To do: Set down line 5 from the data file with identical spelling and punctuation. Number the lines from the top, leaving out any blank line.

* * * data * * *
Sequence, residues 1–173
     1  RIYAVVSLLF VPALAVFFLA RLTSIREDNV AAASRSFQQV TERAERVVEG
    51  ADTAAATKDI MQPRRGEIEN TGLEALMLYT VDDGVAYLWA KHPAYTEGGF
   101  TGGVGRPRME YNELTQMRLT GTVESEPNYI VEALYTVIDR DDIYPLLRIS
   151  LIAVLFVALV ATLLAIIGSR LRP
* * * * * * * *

   151  LIAVLFVALV ATLLAIIGSR LRP